onlyforbopi
2/14/2017 - 8:23 AM

Python.Modules.Pandas

Python.Modules.Pandas #python #Python #Modules #PythonModules #pandas #Pandas #datascience

PYTHON PANDAS MODULE

#if necessary convert TYPE column to string
df['TYPE'] = df['TYPE'].astype(str)
df = df.groupby(["SCENARIO", "STATUS", "TYPE"])['TYPE'].count()

#aggregate sum by first 2 levels
df1 = df.groupby(["SCENARIO", "STATUS"]).sum()
#add 3 level of MultiIndex 
df1.index = [df1.index.get_level_values(0),
            df1.index.get_level_values(1),
            ['Total'] * len(df1)]
print (df1)
SCENARIO  STATUS       
AAA       51      Total    3
          53      Total    1
BBB       51      Total    1
CCC       51      Total    1
Name: TYPE, dtype: int64

#join together and sorts
df = pd.concat([df, df1]).sort_index(level=[0,1])
print (df)
SCENARIO  STATUS  TYPE 
AAA       51      1        2
                  9        1
                  Total    3
          53      228      1
                  Total    1
BBB       51      43       1
                  Total    1
CCC       51      187      1
                  Total    1
Name: TYPE, dtype: int64


#############################################################################################################

Use GroupBy.count with specify column in [] if dont need count NaNs:

table = df.groupby(["SCENARIO", "STATUS", "TYPE"])['TYPE'].count()
print (table)
SCENARIO  STATUS  TYPE
AAA       51      1       2
                  9       1
          53      228     1
BBB       51      43      1
CCC       51      187     1
Name: TYPE, dtype: int64
Or use GroupBy.size, column specify is not necessary, but difference is it count NaNs also:

table = df.groupby(["SCENARIO", "STATUS", "TYPE"]).size()
print (table)
SCENARIO  STATUS  TYPE
AAA       51      1       2
                  9       1
          53      228     1
BBB       51      43      1
CCC       51      187     1
dtype: int64
If need columns from MultiIndex Series:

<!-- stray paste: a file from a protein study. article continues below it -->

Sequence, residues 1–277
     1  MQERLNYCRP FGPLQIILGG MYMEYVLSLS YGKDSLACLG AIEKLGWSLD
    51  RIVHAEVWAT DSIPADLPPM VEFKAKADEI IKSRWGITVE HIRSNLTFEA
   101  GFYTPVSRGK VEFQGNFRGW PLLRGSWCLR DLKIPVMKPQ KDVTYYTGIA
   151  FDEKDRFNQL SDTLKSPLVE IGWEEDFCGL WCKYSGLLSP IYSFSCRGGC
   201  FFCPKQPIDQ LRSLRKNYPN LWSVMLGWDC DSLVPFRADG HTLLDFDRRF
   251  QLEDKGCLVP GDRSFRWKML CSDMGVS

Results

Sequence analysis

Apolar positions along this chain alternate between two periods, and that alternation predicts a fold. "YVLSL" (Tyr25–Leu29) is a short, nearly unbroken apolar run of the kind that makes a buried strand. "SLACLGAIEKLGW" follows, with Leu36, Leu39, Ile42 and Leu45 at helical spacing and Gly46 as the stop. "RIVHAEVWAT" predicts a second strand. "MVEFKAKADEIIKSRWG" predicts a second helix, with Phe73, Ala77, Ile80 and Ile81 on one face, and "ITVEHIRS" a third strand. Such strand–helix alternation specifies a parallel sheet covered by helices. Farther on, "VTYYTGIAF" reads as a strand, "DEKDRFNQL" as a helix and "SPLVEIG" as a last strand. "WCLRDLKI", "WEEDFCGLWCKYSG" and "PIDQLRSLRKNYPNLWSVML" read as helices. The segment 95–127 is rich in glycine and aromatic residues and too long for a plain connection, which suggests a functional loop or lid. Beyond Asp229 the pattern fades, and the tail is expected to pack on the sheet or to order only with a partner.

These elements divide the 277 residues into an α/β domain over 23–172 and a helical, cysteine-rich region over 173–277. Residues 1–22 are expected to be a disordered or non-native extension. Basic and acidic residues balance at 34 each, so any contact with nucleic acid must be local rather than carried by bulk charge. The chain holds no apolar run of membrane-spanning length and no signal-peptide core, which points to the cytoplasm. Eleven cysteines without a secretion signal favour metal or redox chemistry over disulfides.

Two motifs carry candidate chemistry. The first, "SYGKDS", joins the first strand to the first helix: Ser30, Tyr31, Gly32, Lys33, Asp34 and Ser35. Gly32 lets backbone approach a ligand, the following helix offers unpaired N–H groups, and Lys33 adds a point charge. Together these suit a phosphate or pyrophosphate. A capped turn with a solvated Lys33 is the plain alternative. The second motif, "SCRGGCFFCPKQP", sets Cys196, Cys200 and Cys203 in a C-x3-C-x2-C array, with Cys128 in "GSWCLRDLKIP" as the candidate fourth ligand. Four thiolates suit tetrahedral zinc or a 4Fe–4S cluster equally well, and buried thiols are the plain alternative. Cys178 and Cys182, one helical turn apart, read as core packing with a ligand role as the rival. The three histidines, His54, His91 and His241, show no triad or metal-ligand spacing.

table = (df.groupby(["SCENARIO", "STATUS", "TYPE"])['TYPE']
           .count()
           .reset_index(name='COUNT(TYPE)'))
print (table)
  SCENARIO  STATUS  TYPE  COUNT(TYPE)
0      AAA      51     1            2
1      AAA      51     9            1
2      AAA      53   228            1
3      BBB      51    43            1
4      CCC      51   187            1
table = (df.groupby(["SCENARIO", "STATUS", "TYPE"])
           .size()
           .reset_index(name='COUNT(TYPE)') )

print (table)
  SCENARIO  STATUS  TYPE  COUNT(TYPE)
0      AAA      51     1            2
1      AAA      51     9            1
2      AAA      53   228            1
3      BBB      51    43            1
4      CCC      51   187            1
Last if dont need write first column called index to excel:

table.to_excel(writer, sheet_name='Sheet1', index=False)
1. import_pandas.py                             - Import Pandas
2. read_csv.py                                  - Read an csv file
3. fix_import                                   - Fix import by Row Column    
4. print_whole                                  - Print whole table
5. Print column                                 - Print a single column(or more)
6. Print Row                                    - Print a row (or more)
7. extract_df.py                                - Extract dataframe from dataframe
8. extract_mult.py                              - Extract Multiple columns/rows
9. add_col.py                                   - Add columns to dataframe
10. edit_row.py                                 - Edit Row / Column
11. Column_prod.py                              - Column as a product of others
12. manual_dec_df.py                            - Manually declare dataframe
13. condition_index.py                          - Conditional indexing / selecting